"I love Afternoon of a Faun, and we'll be doing In the Night in Copenhagen, so it makes sense. You have to look at programming and scheduling, making sure we've got enough time to do everything we want to do."

 

Taken from a Dancing Times article which you can find here.

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"What's been amazing about this last season, and the season before, is that the mixed bills are so full. It's hard to get a ticket – it's 97 point whatever per cent full every night. 

 

Said before the Age of Anxiety bill this autumn, of course.

 

Even then, though, I can't see why they couldn't have done The Dream if they wanted an hour-long work, given that that's appearing in the US tour as well.

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I am very pleased to have the chance to see Song of the Earth twice in one season in two mixed bills. It is a masterpiece and should be shown far more frequently than it is.Apart from the fact that the company has to cover its costs and clearly sees full length works as the easiest way of doing so the main argument against its frequent revival is that it is one of the more expensive ballets to stage.I am just grateful that as they are taking it to New York we get it in two programmes.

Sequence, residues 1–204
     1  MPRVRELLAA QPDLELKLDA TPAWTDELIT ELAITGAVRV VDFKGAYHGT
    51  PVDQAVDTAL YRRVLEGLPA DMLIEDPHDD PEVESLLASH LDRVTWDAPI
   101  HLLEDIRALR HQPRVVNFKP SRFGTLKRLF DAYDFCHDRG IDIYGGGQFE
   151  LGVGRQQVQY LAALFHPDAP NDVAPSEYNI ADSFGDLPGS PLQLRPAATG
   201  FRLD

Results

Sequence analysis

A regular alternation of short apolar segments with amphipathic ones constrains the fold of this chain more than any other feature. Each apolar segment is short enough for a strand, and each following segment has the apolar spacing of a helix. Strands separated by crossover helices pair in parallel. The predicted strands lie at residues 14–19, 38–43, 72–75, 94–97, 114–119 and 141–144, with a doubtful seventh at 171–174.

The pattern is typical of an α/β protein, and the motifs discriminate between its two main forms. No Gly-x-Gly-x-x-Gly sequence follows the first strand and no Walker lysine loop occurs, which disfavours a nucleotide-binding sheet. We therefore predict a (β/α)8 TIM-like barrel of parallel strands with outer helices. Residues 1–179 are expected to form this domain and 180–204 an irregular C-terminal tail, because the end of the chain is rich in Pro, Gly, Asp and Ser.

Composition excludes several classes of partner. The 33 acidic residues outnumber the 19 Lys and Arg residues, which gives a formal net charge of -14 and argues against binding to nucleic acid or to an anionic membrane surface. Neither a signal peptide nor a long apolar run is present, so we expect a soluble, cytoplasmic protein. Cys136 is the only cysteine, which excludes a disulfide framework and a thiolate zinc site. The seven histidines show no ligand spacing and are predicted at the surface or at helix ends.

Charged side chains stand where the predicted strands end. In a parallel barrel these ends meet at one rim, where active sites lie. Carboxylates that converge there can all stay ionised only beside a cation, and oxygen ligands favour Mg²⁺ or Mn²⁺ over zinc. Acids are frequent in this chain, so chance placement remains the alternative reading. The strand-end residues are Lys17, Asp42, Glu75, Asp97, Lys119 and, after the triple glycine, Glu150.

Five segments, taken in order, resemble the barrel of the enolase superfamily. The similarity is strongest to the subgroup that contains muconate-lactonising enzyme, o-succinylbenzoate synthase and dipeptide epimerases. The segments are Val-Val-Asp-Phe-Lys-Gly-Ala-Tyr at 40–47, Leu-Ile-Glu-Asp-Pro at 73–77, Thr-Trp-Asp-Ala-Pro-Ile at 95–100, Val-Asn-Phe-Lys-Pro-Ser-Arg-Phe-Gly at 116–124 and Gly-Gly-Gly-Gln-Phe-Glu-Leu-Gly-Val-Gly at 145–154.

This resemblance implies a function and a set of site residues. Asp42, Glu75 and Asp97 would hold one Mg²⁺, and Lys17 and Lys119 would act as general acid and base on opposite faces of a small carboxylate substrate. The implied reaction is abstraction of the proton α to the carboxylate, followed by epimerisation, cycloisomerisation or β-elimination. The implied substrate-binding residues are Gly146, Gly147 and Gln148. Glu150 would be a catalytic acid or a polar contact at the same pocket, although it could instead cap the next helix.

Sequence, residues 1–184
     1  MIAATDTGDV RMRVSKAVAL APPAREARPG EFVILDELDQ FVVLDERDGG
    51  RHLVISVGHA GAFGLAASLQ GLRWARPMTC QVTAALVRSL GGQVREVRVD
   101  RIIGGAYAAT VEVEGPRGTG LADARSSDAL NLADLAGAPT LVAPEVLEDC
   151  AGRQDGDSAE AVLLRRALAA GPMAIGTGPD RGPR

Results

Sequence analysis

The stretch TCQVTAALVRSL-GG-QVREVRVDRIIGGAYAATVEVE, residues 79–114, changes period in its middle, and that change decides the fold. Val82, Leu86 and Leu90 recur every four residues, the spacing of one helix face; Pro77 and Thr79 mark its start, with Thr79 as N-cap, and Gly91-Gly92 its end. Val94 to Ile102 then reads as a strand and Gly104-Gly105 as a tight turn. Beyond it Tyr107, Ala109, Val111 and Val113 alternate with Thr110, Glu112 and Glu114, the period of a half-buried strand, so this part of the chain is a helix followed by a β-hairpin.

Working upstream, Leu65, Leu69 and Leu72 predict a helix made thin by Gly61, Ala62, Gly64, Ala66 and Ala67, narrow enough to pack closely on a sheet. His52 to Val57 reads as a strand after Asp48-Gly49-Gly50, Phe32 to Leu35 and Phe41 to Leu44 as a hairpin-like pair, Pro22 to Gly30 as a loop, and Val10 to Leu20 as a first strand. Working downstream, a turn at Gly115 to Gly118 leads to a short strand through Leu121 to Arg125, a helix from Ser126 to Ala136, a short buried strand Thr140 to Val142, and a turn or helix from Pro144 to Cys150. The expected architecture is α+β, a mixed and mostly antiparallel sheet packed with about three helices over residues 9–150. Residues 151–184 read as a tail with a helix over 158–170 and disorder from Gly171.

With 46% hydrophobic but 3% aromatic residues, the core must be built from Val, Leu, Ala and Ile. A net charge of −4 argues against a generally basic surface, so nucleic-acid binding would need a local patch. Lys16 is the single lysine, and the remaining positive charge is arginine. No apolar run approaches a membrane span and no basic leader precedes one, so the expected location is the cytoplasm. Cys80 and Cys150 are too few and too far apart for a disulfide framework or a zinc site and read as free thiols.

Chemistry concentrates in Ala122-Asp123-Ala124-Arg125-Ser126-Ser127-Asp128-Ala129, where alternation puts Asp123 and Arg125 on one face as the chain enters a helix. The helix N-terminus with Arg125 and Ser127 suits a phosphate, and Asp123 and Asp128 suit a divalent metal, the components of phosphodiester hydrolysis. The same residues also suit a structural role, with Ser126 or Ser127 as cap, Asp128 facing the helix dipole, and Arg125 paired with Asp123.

I agree with other people's comments about over lengthy runs of full length works  but how would you prevent it happening?.In the dim and distant past the casting of the nineteenth century classics and the modern full lengths did not require that every Principal female dancer gave us her Odette/Odile, her Giselle or her Juliet. At a time when the company had fewer full length ballets than now, I am talking pre Manon,the director applied a system of emploi to casting which meant that you did not see dancers who the director deemed unsuitable in a particular role. Ashton famously decided after Sibley had made her debut as Lise that she was too sophisticated for the role and she did not dance it again. Even the regular ballet audience had their views about the suitability of certain types of dancers for particular roles.They knew what a price should look like and the type of dancer who should be seen in the roles of Giselle,Aurora and Odette/Odile.I recall the shock expressed by older "Regulars" when Merle Park, a soubrette, who they associated her with the Neapolitan Dance and Lise,danced Swan Lake. The director was saving us from too many performances of a particular work and may have been saving some dancers from themselves but he was also exercising enormous control over their careers  I can't imagine that many dancers would accept anything like that degree of control today.